In towns, tax offices were attacked. Soldiers threw down their weapons, and about half of the municipalities experiencing risings came under new leadership that associated itself with the authority of the people's National Assembly, while wielding what power and influence they could. In other municipalities, revolutionary committees shared power with the town councils. And in some places, townsmen were appalled by attacks on nobles, and they did what they could to maintain order, including hanging those they considered brigands.

Delegates to the National Assembly were alarmed by the spreading violence. They responded with speeches about lifting the yoke that for centuries had weighed upon the peasants. On August 4, the National Assembly made the abolition of feudal privileges official. Nobles were prohibited from charging dues, from making people work on roads or from holding exclusive hunting rights. The National Assembly removed nobles as makers of law in what had been their areas of rule. Their courts were abolished. They were no longer exempt from paying taxes. And the National Assembly ended obligations to pay tithes to the Church.

On August 27, the National Assembly issued its Declaration of the Rights of Man and Citizen, the draft of which had been discussed with Thomas Jefferson, then U.S. ambassador to France. Rather than law, this was a statement of principles (drawn in part from the American Declaration of Independence) the purpose of which was to educate and enhance love of liberty. The declaration spoke of man's natural right to liberty and right to resist oppression. It spoke of a right to property. Virtue and talent, it stated, should be the only requirements for public office. It claimed that all "men" should be equal before the law, that arbitrary arrests should be illegal, that people should be presumed innocent until proven otherwise in a court of law, and that there should be freedom of opinion concerning religion.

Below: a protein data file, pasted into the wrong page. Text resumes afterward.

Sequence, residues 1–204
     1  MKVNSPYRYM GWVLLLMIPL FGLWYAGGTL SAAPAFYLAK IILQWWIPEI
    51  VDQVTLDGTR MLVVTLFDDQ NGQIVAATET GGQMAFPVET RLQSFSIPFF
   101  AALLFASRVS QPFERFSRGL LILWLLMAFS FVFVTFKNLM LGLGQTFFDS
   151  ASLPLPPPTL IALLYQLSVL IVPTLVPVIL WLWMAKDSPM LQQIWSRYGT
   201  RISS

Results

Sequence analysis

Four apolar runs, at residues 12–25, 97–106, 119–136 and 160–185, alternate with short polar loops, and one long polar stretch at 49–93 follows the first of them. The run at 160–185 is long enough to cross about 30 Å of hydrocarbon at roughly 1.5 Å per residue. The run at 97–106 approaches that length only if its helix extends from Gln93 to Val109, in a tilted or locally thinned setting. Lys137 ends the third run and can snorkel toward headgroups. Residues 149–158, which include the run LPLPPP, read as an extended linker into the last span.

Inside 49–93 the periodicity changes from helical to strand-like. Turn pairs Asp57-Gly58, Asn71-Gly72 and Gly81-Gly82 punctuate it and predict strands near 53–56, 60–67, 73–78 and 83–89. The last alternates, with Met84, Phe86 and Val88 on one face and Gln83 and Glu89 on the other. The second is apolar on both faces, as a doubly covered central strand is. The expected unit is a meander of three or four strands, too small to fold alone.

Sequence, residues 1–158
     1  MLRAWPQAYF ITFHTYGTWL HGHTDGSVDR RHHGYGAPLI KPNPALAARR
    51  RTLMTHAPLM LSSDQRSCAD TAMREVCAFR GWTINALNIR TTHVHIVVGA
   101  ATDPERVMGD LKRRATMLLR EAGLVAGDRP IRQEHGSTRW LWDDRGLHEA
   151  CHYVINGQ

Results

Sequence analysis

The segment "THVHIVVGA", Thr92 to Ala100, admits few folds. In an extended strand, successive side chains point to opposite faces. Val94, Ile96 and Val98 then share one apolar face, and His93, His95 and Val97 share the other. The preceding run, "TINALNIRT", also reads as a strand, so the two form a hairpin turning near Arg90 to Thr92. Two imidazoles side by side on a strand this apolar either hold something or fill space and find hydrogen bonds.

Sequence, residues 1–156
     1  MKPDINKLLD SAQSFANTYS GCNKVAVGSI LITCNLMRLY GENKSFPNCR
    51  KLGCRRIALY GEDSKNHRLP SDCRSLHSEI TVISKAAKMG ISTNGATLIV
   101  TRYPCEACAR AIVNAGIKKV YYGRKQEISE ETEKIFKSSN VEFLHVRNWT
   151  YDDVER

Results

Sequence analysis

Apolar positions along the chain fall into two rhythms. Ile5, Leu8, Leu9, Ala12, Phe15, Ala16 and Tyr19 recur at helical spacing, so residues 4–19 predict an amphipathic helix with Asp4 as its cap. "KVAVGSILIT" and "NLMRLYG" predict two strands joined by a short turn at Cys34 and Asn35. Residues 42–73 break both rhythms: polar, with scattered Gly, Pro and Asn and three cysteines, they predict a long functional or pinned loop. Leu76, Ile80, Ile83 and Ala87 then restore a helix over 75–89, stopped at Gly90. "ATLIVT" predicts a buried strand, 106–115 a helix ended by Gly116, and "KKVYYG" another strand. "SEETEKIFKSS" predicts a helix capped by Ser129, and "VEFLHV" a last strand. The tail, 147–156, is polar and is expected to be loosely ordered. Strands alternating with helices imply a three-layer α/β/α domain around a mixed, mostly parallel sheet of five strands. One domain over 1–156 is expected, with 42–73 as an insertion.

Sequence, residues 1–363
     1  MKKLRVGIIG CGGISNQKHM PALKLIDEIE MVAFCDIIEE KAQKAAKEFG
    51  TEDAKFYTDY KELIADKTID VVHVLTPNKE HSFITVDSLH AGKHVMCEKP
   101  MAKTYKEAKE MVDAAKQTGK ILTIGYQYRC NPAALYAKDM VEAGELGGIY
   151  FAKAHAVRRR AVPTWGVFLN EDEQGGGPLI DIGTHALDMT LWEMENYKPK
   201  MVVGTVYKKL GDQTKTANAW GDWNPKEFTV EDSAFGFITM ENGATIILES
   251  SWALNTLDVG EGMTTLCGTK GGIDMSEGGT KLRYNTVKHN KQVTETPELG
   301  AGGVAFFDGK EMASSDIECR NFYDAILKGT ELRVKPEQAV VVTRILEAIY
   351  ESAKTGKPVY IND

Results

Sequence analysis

Discussion in the National Assembly moved from general principles to the details of a new constitution. The main issue was how powers would be divided between the king and elected representatives of the people – including the question of the king having veto powers over legislation. Louis XVI was seen as an enlightened monarch. note25

The National Assembly had declared itself sovereign but was seeking the king's cooperation. Louis announced that he agreed with the "spirit" of the constitution. But when he expressed his own ideas about specific points, newspapers supporting revolution interpreted the king's opinions as hostile opposition to the constitution, and they spread animosity toward the king. Deputies to the National Convention and the many who supported the revolution looked upon Louis with greater suspicion.